Scientists have determined that a black substance that had settled near the shore line over several days at beaches in Maine, staining the feet of some beachgoers, is made up of millions of dead bugs.
Maine’s Department of Environmental Protection had been investigating the substance spotted at the shore in York, Wells and Ogunquit.
A department spokesman had said, via the York Parks and Recreation Department, that the state received "an inquiry from a concerned citizen in southern Maine who noticed 'a black residue' on the sand at a local beach."
Steve Dickson, a marine geologist with Maine Geological Survey, figured out what was going on with the help of two retired oceanographers who live nearby. One of them, Linda Stathoplos, took a sample from the beach and looked at it under her microscope.
"It was clearly little bugs," Stathoplos said.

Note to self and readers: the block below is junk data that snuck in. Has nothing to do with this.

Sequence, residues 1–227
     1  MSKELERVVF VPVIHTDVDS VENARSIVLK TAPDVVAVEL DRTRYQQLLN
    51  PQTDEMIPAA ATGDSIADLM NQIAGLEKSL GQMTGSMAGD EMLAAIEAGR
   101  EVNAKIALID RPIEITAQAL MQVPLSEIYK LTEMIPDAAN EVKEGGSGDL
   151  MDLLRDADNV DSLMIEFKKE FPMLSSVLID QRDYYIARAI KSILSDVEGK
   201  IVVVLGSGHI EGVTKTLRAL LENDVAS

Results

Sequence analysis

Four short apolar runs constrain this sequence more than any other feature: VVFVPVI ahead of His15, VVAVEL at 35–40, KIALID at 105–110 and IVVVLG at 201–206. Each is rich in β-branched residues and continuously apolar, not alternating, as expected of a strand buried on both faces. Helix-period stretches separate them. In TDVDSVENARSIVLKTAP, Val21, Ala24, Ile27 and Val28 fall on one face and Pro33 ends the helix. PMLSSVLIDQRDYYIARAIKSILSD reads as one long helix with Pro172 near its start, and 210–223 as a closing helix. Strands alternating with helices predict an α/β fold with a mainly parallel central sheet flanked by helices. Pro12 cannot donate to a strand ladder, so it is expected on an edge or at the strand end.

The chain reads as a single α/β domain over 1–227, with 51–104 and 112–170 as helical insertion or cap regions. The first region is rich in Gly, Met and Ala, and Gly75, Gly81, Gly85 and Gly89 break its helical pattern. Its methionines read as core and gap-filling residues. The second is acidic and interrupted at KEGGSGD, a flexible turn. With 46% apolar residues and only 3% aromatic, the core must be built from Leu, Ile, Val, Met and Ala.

"This is the first time I've seen or heard of this in my 35 years," Dickson said, adding that he is still trying to determine what the bugs are, where they came from and why. But he does not expect it to be a regular occurrence.
NECN visited beaches in both Wells and York on Tuesday and found people who had both not seen the substance or had it affect them. People who had their feet stained described the black material as being similar to ink or oil.
Kim Hurst, of New Ipswich, New Hampshire, was visiting Long Sands Beach in York on Monday when said she found the substance on her feet. She used baby wipes to remove it.
It did not deter her from returning to the beach a day a later, but she is also pleased the state is trying to determine what the substance is.
“I’m happy they’re looking into it, they should be looking into it,” she said, adding that she hopes the cause is found, to “diminish everybody’s concerns.”
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Other people who reported having their feet stained said the substance did not come off immediately, even after scrubbing with soap and water.